In recent years Apple has put a big focus on its environmental credentials, and with the Apple Watch 9 the company made one of its biggest claims yet, saying that this wearable was ‘carbon neutral’, but that claim has been disputed.
According to a report in the Financial Times (via Ars Technica), a number of consumer and environmental groups have claimed that this is inaccurate because Apple relied on purchasing carbon credits to achieve carbon neutrality.
This means that Apple was – of course – creating carbon emissions to produce the Apple Watch 9, but that the money spent on these credits will be invested in projects such as reforestation, which removes carbon dioxide from the atmosphere. The idea here is that Apple is completely offsetting its carbon use by investing in these projects. But critics claim this approach is flawed.
For one thing, there are questions over whether these schemes actually remove as much carbon as Apple’s production processes are emitting, with Niklas Kaskeala, chair of the board at the Compensate Foundation, saying that with timber plantations for example “trees are turned into pulp and cardboard or toilet paper” and that “the carbon stored in these products is released back into the atmosphere very quickly.”
Even if these projects really do fully offset Apple’s carbon emissions though, “it’s misleading to consumers to give the impression that buying the Watch has no impact on the climate at all” according to Gilles Dufrasne, a policy officer at the non-profit Carbon Market Watch, since Apple is still very much impacting the climate in the Apple Watch 9's creation. Dufrasne added that “it’s accounting tricks.”
This carbon neutral claim might be one that Apple and others won’t be able to make for much longer though, as the European Parliament and Council agreed in September to ban “misleading advertisements,” which include “claims based on emissions offsetting schemes that a product has neutral, reduced or positive impact on the environment.”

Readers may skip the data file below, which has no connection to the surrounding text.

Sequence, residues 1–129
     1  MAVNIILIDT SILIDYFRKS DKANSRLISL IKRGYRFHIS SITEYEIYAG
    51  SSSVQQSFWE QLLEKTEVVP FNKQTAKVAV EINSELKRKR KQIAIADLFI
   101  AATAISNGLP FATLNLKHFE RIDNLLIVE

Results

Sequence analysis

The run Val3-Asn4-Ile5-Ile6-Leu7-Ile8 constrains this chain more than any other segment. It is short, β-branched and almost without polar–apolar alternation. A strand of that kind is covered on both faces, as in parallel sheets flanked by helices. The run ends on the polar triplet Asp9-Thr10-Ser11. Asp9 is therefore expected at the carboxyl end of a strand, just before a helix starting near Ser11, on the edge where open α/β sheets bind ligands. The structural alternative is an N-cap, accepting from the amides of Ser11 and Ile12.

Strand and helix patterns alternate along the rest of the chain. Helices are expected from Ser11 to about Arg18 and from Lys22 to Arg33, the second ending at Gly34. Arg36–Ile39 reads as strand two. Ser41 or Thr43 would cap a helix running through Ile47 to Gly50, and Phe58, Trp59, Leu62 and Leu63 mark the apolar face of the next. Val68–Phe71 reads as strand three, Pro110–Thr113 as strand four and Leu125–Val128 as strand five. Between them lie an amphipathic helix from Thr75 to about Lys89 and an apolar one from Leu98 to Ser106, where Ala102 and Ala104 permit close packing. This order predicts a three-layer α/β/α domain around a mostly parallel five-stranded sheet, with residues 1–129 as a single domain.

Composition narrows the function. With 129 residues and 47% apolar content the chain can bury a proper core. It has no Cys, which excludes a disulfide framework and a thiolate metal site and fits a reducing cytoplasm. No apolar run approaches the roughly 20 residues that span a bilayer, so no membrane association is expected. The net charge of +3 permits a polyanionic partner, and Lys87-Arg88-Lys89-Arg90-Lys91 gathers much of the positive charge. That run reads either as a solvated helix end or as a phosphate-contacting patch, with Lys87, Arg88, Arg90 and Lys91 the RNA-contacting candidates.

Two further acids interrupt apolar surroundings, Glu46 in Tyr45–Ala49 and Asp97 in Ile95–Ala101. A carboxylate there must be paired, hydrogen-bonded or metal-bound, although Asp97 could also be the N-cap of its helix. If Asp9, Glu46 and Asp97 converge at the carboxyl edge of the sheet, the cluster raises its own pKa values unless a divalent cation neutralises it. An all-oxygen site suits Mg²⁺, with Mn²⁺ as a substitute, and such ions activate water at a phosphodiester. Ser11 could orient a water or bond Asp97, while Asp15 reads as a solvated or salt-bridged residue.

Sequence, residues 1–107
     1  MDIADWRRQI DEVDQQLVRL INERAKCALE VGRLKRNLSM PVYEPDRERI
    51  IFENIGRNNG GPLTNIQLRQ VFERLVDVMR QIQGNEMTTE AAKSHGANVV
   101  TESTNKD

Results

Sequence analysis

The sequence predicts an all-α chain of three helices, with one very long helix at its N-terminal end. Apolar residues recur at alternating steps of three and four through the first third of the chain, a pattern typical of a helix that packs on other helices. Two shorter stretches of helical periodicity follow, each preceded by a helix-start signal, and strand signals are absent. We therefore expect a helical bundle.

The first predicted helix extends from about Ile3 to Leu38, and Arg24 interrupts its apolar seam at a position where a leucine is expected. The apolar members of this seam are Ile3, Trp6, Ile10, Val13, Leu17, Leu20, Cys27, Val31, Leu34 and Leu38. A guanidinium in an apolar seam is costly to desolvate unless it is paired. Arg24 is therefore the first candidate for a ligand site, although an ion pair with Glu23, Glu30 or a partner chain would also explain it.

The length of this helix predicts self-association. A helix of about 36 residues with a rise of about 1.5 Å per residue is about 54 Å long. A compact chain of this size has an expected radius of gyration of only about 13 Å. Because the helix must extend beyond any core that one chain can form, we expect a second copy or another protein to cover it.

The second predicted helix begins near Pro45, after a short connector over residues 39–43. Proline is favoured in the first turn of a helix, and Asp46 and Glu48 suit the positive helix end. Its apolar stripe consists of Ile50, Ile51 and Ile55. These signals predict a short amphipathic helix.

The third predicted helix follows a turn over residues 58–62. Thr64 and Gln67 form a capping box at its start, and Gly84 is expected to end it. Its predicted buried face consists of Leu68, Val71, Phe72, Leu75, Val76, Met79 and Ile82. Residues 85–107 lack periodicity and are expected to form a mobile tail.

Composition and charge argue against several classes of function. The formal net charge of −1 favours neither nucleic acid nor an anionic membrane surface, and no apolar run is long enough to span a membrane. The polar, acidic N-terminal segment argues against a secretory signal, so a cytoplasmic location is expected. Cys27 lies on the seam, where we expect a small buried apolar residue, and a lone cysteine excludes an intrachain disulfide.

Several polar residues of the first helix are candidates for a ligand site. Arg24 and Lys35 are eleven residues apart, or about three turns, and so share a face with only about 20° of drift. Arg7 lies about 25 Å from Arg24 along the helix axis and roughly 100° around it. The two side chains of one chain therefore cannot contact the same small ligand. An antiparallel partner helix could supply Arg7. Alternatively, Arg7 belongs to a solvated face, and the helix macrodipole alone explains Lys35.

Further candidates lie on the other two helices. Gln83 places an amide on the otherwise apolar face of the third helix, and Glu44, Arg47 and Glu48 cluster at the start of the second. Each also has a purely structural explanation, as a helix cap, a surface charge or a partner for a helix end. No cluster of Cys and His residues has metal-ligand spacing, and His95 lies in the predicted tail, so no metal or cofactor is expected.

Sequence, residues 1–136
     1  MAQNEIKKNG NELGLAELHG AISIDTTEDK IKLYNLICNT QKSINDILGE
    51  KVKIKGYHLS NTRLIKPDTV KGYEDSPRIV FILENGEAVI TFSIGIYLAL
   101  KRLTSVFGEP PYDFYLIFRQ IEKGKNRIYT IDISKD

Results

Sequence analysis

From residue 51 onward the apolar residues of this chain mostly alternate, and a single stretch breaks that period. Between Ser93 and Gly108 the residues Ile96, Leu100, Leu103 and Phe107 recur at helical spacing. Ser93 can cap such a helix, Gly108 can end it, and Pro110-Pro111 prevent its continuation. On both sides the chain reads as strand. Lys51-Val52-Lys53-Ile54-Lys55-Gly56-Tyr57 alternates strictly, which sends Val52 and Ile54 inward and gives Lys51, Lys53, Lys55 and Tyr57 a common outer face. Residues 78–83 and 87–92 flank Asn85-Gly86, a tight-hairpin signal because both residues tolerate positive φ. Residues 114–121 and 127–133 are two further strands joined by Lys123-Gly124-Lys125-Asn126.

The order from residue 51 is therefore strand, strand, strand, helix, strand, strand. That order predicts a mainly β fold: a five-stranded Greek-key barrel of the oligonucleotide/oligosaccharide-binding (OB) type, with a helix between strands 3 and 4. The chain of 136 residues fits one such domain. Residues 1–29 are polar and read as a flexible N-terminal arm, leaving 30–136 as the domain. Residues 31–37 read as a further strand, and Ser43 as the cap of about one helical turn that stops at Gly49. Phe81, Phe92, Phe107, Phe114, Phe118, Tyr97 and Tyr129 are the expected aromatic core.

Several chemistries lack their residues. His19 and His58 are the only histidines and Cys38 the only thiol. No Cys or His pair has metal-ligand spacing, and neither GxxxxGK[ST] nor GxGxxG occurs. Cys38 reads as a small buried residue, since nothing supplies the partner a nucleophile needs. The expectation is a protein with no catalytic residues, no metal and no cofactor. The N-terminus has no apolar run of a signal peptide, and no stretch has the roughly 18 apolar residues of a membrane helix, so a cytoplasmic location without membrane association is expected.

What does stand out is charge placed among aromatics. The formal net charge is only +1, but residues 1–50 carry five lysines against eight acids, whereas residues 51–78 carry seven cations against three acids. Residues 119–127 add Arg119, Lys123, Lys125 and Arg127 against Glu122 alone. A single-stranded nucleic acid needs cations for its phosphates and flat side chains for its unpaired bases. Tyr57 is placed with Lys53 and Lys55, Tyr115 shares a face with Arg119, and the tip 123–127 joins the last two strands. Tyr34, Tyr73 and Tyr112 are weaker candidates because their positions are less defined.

This ban hasn’t come into play yet, but it’s set to in 2026 – though that will only apply to the EU.
Apple's approach isn't without merit
It is worth noting, however, that while it’s probably shrewd being skeptical of any carbon neutral claims, Apple does appear to be doing more for the environment than many major companies.
As well as carbon credits, Apple is also making heavy use of recycled materials, clean electricity, and non-air transportation, meaning that increasingly its products are transported by ship or rail, rather than on planes, which are worse for the environment.
So the company deserves credit for this, it just might want to work on its wording – and perhaps rely less on carbon credits to reach its environmental goals.
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James is a freelance phones, tablets and wearables writer and sub-editor at TechRadar. He has a love for everything ‘smart’, from watches to lights, and can often be found arguing with AI assistants or drowning in the latest apps. James also contributes to 3G.co.uk, 4G.co.uk and 5G.co.uk and has written for T3, Digital Camera World, Clarity Media and others, with work on the web, in print and on TV.